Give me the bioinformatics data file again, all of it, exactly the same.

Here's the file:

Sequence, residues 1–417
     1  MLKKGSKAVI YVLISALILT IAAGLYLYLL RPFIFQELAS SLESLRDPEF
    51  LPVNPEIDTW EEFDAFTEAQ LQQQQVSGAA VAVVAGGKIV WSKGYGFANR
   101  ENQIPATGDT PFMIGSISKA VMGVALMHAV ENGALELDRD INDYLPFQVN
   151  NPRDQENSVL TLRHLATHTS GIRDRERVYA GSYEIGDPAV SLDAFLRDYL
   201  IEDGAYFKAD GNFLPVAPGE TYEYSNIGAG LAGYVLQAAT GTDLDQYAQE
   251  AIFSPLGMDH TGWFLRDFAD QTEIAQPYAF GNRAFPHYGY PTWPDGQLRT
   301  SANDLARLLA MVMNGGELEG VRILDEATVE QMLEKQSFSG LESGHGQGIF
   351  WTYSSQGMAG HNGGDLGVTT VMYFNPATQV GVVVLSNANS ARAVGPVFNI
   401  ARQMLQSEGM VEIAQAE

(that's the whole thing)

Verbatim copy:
Sequence, residues 1–417
     1  MLKKGSKAVI YVLISALILT IAAGLYLYLL RPFIFQELAS SLESLRDPEF
    51  LPVNPEIDTW EEFDAFTEAQ LQQQQVSGAA VAVVAGGKIV WSKGYGFANR
   101  ENQIPATGDT PFMIGSISKA VMGVALMHAV ENGALELDRD INDYLPFQVN
   151  NPRDQENSVL TLRHLATHTS GIRDRERVYA GSYEIGDPAV SLDAFLRDYL
   201  IEDGAYFKAD GNFLPVAPGE TYEYSNIGAG LAGYVLQAAT GTDLDQYAQE
   251  AIFSPLGMDH TGWFLRDFAD QTEIAQPYAF GNRAFPHYGY PTWPDGQLRT
   301  SANDLARLLA MVMNGGELEG VRILDEATVE QMLEKQSFSG LESGHGQGIF
   351  WTYSSQGMAG HNGGDLGVTT VMYFNPATQV GVVVLSNANS ARAVGPVFNI
   401  ARQMLQSEGM VEIAQAE